Plenty to be grateful for. My wife and dear friend Bill Noble, visiting from the Boston area. We’re about to have dinner at Prescott Brewing Company. I’d thought just the meat loaf was good, but they do a righteous burger too.
Today I complete fifteen years of uninterrupted sobriety. Nobody I knew back in Cleveland thought I’d do this.
I moved to Arizona eight months clean and haven’t used a mood- or mind-altering substance since.
Never was much of a bar guy, though I liked Miller Genuine Draft and Jim Beam shots. I don’t have much night life now that I follow farmer’s hours, working a four-days-a-week retail job that begins before dawn, and being, you know, old. But back in the day, in Cleveland (scene of all my revelries), I followed Wild Horses around in roustabout saloons including the Pirate’s Cove in the Flats and the Sahara in Willoughby Hills, where, despite my neurotic musings (like, why can’t I be a rock star), I managed to meet young ladies who gave me the benefit of their conversation as well as acquiescence to my more carnal, mercenary agenda.
All a greying snapshot from faded youth for a man just turned sixty-six.
I guess drugs got me into Alcoholics Anonymous. All I have to recall is my high, faggy voice under the influence of crack, sitting in a hiding place from reality with this kid who knew how to score the stuff, to remind myself why I don’t do drugs anymore. My final memory of drugs, all of them, was me abdicating responsibility for manhood. It was slow putting myself back together after my Humpty-Dumpty shatterings. But I did that, rescued myself from where I had been. I was in headlong flight from the anger, envy, and pain that boiled beneath. I had an existential crisis that forced me to look into my soul. It wasn’t pretty. But I’m grateful I did it.
I would change everything. Maybe I went overboard. I came to Arizona to be a teacher. Though teaching would provide many gifts, it may have been a mistake. Yes, it forced me into contact with others, made me transcend ego in that sense. I would stand out on lunch duty smiling in divine amusement at the freshness and folly of swarms of teenagers. I was such a one once. But most of the experience hurt too much to call fulfilling.
It certainly began as a horror show. This trial by fire inspired a sometimes salacious novel I wrote under the name R.G. Philips and, after finding no publisher or even agent, uploaded electronically. Strange, how mere dozens of people reading and liking it felt like immortality. As my old friend Rabbi Berkowitz said, “How much is enough?”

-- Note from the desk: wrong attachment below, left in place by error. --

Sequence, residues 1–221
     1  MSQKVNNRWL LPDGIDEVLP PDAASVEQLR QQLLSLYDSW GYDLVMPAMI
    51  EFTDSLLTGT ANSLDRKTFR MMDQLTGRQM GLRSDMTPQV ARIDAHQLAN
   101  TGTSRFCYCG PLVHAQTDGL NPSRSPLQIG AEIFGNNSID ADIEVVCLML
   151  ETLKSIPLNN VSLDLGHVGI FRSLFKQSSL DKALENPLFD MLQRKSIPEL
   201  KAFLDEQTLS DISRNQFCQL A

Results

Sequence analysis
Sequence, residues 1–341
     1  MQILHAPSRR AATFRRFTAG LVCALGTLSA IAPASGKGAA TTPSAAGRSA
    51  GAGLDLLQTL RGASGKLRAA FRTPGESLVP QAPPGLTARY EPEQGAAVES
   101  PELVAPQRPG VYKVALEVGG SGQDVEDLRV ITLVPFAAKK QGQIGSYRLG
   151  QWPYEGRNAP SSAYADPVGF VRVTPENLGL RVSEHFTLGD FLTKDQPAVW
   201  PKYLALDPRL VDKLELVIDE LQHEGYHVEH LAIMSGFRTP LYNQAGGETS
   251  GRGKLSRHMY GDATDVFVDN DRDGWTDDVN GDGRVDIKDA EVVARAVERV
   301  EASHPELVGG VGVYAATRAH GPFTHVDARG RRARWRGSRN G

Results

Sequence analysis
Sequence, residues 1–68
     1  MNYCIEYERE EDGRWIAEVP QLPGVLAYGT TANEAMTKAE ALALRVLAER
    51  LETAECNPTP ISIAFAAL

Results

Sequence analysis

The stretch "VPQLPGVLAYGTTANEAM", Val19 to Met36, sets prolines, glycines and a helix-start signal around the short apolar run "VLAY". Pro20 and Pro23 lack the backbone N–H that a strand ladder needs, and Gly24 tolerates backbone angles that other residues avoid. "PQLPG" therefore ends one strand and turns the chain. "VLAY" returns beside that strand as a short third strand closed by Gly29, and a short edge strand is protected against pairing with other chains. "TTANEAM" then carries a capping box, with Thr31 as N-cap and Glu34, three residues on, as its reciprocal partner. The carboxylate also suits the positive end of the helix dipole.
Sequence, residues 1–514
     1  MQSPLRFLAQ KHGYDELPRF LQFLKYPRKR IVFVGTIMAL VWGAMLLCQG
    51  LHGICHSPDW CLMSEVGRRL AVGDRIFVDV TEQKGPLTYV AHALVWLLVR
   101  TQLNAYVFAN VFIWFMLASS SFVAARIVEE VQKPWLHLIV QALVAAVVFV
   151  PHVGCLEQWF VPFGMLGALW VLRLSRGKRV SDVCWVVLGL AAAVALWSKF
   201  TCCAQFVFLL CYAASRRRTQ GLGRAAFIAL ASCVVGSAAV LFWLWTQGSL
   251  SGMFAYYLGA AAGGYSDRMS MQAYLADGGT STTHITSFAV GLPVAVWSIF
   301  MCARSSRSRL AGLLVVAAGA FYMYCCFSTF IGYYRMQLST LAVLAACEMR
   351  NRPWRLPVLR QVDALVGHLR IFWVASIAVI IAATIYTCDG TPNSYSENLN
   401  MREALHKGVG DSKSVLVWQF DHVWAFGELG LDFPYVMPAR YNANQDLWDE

My AA meetings are down. I’m lucky if I hit a meeting a week these days. I haven’t been a very good friend to the man I’d called my sponsor, so I don’t have one anymore.
I’ve been abstinent so long there is no sharp, gnawing urge to drink or use. It is only when I am with people to whom alcohol represents a lifestyle that I suffer any blip in contented temperance. But why start all that up again?
I was a naïve buffoon of an instructor among hostile teens, in a region known for low high school graduation rates and low attainment of college degrees. But this tough place built in me a weird, unaccountable happiness. I began to suffer deliberately, facing up to what began to appear through the mists as my karma. The big picture wasn’t to become famous or make big money, but to be a mensch.
I have begun a memoir at the prompting of an old friend who said the South Euclid working-class Jewish neighborhood that spawned us was uniquely nurturing. Friends from back then are still there for him in a special way. I get that. A July trip to Cleveland enveloped and warmed me in a way I hadn’t expected. It was like one of those heartening Old Testament stories about reunion and reconciliation. How long have I fled from myself in fear and shame, unable to embrace others and laugh with people who know me?
I need psychological distance to write about a thing. I wrote about beating up my best friend because he finked on my sister and she gave me no rest. I wrote without wincing about being in a mental hospital during the struggle to attain a belated manhood in my sad twenties. Clawing even further back through cobwebbed memory, I wrote about a traumatic experience at Columbia University, elaborating scenes with the distant interest, even wry delectation, of an objective chronicler. My book is a sperm cell swimming upstream in competition with millions of other tadpoles; it were foolish to be hotly expectant of hitting that egg, though I’ve been read by the likes of Michael Korda and Jonathan Galassi. What do I do with the chesty confidence that impels me to my writing chair?
The strangest source of solace comes from my current job, stocking shelves at a store. I have a clear conscience and leave the place elated. No hateful students sticking pins in my tires, refusing to read, playing spiteful emotional games with an aging lover of writing, journalism, and literature.
I accept myself. Yes, I know I was a flawed teacher. The disciplinarian is the first face these kinds of kids must see before the ostensible wonders of language can even be broached. File this under “If I had it to do over again …” But young people from past classrooms float into my Facebook orbit to declare their appreciation of me.